Advanced Search
MyIDEAS: Login to save this article or follow this journal

Explaining Changing Suicide Rates in Norway 1948–2004: The Role of Social Integration

Contents:

Author Info

  • Anders Barstad

    ()

Registered author(s):

    Abstract

    No abstract is available for this item.

    Download Info

    If you experience problems downloading a file, check if you have the proper application to view it first. In case of further problems read the IDEAS help page. Note that these files are not on the IDEAS site. Please be patient as the files may be large.
    File URL: http://hdl.handle.net/10.1007/s11205-007-9155-x
    Download Restriction: Access to full text is restricted to subscribers.

    As the access to this document is restricted, you may want to look for a different version under "Related research" (further below) or search for a different version of it.

    Bibliographic Info

    Article provided by Springer in its journal Social Indicators Research.

    Volume (Year): 87 (2008)
    Issue (Month): 1 (May)
    Pages: 47-64

    as in new window
    Handle: RePEc:spr:soinre:v:87:y:2008:i:1:p:47-64

    Contact details of provider:
    Web page: http://www.springer.com/economics/journal/11135

    Order Information:
    Web: http://link.springer.de/orders.htm

    Related research

    Keywords: Suicide; Social integration; Norway; Time-series; Separations; Family integration;

    References

    References listed on IDEAS
    Please report citation or reference errors to , or , if you are the registered author of the cited work, log in to your RePEc Author Service profile, click on "citations" and make appropriate adjustments.:
    as in new window
    1. Ruhm, Christopher J. & Black, William E., 2002. "Does drinking really decrease in bad times?," Journal of Health Economics, Elsevier, vol. 21(4), pages 659-678, July.
    2. Antonio Rodriguez Andres, 2005. "Income inequality, unemployment, and suicide: a panel data analysis of 15 European countries," Applied Economics, Taylor & Francis Journals, vol. 37(4), pages 439-451.
    3. ED Diener & Carol Diener, 1995. "The wealth of nations revisited: Income and quality of life," Social Indicators Research, Springer, vol. 36(3), pages 275-286, November.
    4. Neumayer, Eric, 2004. "Recessions lower (some) mortality rates:: evidence from Germany," Social Science & Medicine, Elsevier, vol. 58(6), pages 1037-1047, March.
    5. ED Diener, 1995. "A value based index for measuring national quality of life," Social Indicators Research, Springer, vol. 36(2), pages 107-127, October.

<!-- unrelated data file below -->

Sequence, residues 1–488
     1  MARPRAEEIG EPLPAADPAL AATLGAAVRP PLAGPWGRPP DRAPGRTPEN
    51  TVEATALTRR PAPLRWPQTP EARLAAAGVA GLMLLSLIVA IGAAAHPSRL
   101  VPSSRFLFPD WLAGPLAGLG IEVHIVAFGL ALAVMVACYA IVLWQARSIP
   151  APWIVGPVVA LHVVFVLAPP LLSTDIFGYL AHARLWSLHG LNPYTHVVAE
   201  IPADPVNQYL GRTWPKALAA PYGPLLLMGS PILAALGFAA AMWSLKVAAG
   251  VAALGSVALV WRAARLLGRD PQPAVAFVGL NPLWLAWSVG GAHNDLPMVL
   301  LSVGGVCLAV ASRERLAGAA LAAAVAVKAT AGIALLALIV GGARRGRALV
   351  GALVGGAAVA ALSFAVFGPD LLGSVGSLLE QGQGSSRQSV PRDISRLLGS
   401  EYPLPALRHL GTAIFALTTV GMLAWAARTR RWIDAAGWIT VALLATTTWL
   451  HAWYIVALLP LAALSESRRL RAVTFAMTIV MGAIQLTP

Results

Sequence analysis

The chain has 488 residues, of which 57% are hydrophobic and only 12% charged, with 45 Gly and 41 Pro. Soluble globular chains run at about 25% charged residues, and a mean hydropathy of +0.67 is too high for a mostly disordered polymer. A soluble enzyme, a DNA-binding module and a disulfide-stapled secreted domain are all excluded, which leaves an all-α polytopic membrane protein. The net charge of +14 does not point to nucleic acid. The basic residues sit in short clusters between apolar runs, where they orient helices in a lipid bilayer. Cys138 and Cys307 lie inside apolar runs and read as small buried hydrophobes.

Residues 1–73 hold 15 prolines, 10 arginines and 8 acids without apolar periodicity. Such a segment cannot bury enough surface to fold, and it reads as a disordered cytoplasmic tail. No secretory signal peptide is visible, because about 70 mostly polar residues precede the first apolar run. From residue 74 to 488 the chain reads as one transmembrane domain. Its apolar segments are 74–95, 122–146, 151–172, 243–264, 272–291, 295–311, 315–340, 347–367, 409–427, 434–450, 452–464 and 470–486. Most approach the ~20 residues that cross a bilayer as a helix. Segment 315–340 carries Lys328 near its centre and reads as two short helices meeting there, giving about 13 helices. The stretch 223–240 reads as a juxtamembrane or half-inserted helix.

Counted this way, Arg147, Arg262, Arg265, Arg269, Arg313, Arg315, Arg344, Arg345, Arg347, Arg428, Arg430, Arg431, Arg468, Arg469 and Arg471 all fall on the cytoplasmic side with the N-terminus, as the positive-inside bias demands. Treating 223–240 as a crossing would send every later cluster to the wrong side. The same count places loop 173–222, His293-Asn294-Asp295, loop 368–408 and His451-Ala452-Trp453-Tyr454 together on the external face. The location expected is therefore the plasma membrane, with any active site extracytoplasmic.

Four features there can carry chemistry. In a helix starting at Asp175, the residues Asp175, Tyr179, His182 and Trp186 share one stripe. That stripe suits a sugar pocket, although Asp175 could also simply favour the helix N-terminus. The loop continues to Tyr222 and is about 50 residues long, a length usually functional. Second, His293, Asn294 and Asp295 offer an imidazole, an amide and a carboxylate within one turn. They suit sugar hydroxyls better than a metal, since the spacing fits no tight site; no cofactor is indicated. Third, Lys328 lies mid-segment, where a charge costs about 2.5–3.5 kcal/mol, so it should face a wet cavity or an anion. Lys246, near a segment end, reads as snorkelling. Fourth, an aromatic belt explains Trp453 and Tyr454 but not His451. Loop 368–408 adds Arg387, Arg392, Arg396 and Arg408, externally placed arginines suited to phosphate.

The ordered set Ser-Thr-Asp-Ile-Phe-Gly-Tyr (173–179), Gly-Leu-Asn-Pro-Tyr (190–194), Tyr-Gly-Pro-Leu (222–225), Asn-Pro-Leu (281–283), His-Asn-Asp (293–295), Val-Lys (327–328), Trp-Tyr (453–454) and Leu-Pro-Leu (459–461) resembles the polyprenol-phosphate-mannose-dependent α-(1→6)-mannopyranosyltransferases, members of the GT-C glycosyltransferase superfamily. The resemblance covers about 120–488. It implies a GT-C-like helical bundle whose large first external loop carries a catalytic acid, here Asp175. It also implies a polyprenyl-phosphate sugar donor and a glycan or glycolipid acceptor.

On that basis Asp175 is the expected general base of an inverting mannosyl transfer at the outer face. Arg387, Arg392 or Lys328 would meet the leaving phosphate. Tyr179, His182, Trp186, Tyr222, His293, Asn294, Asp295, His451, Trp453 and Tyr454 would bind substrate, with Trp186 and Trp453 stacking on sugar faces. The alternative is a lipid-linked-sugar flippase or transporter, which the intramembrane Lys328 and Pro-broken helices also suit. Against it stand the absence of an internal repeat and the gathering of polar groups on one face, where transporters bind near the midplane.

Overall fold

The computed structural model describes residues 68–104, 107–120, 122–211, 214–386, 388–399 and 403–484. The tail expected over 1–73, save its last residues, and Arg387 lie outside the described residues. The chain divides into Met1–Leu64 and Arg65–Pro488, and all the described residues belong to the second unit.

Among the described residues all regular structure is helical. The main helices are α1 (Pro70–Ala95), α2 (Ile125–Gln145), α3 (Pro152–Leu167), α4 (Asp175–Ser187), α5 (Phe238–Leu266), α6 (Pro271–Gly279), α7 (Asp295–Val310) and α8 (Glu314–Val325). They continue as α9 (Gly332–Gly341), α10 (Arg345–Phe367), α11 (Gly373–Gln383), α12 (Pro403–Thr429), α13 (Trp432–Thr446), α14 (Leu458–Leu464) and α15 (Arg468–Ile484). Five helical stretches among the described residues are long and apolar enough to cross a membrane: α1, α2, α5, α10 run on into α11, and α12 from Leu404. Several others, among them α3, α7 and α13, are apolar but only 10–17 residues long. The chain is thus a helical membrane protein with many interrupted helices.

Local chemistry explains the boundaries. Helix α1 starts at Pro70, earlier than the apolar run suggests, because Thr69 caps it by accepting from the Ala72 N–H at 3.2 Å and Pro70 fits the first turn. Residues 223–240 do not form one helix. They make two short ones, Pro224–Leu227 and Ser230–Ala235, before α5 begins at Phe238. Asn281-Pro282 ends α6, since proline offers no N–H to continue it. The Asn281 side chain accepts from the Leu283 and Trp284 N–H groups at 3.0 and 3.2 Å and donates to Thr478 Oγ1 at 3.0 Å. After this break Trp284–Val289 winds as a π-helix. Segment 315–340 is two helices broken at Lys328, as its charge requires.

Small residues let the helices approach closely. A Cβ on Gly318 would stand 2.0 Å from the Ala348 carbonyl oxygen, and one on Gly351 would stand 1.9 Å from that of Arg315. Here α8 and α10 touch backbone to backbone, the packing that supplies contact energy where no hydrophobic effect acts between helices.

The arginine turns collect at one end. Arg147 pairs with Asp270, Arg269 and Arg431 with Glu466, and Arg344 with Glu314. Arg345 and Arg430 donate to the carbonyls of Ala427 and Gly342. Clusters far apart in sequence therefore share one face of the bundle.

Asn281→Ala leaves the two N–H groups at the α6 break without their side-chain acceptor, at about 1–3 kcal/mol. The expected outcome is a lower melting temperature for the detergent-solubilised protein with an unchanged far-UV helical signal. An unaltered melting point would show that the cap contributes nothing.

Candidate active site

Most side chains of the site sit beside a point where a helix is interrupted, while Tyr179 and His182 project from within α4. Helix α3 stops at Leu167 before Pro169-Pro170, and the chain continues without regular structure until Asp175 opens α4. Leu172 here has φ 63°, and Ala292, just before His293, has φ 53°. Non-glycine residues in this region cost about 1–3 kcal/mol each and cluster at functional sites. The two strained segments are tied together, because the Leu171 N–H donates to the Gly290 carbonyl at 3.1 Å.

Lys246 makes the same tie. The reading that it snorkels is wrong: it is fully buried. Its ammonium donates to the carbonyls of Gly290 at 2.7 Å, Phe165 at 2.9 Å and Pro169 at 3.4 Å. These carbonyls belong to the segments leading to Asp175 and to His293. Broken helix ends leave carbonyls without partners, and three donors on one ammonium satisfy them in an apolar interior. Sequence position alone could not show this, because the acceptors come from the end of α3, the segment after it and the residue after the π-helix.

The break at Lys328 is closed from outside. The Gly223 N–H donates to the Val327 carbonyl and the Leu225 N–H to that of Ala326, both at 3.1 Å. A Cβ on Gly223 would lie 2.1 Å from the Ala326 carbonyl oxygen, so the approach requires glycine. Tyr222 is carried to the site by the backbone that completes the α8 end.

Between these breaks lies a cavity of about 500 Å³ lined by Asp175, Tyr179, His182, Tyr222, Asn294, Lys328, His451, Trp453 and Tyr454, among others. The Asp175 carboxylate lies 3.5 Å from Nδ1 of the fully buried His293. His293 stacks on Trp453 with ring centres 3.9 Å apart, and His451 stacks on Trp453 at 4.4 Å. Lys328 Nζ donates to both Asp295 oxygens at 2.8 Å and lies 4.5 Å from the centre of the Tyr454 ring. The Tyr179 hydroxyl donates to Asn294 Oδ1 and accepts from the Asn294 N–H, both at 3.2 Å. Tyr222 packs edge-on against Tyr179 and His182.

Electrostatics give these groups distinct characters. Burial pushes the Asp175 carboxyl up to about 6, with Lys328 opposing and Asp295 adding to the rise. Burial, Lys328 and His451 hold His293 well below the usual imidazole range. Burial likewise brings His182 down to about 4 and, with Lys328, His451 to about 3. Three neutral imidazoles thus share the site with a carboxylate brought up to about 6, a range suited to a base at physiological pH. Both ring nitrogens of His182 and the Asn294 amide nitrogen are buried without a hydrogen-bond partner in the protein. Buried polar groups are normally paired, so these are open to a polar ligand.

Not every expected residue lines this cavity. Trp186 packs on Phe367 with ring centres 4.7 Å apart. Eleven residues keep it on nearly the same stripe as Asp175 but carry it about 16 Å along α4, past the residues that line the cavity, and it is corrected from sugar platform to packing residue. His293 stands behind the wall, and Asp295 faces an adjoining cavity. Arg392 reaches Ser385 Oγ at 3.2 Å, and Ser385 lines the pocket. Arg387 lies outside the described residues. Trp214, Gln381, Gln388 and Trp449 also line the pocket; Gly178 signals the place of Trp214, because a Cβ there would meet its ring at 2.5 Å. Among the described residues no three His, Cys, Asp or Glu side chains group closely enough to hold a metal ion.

Full references (including those not matched with items on IDEAS)

    Citations

    Citations are extracted by the CitEc Project, subscribe to its RSS feed for this item.
    as in new window

    Cited by:
    1. Altinanahtar, Alper & Halicioglu, Ferda, 2009. "A dynamic econometric model of suicides in Turkey," Journal of Behavioral and Experimental Economics (formerly The Journal of Socio-Economics), Elsevier, vol. 38(6), pages 903-907, December.
    2. Okada, Keisuke & Samreth, Sovannroeun, 2013. "A study on the socio-economic determinants of suicide: Evidence from 13 European OECD countries," Journal of Behavioral and Experimental Economics (formerly The Journal of Socio-Economics), Elsevier, vol. 45(C), pages 78-85.
    3. Halicioglu, Ferda & Andrés, Antonio R., 2010. "Determinants of Suicides in Denmark: Evidence from Time Series Data," MPRA Paper 24980, University Library of Munich, Germany.

    Lists

    This item is not listed on Wikipedia, on a reading list or among the top items on IDEAS.

    Statistics

    Access and download statistics

    Corrections

    When requesting a correction, please mention this item's handle: RePEc:spr:soinre:v:87:y:2008:i:1:p:47-64. See general information about how to correct material in RePEc.

    For technical questions regarding this item, or to correct its authors, title, abstract, bibliographic or download information, contact: (Guenther Eichhorn) or (Christopher F Baum).

    If you have authored this item and are not yet registered with RePEc, we encourage you to do it here. This allows to link your profile to this item. It also allows you to accept potential citations to this item that we are uncertain about.

    If references are entirely missing, you can add them using this form.

    If the full references list an item that is present in RePEc, but the system did not link to it, you can help with this form.

    If you know of missing items citing this one, you can help us creating those links by adding the relevant references in the same way as above, for each refering item. If you are a registered author of this item, you may also want to check the "citations" tab in your profile, as there may be some citations waiting for confirmation.

    Please note that corrections may take a couple of weeks to filter through the various RePEc services.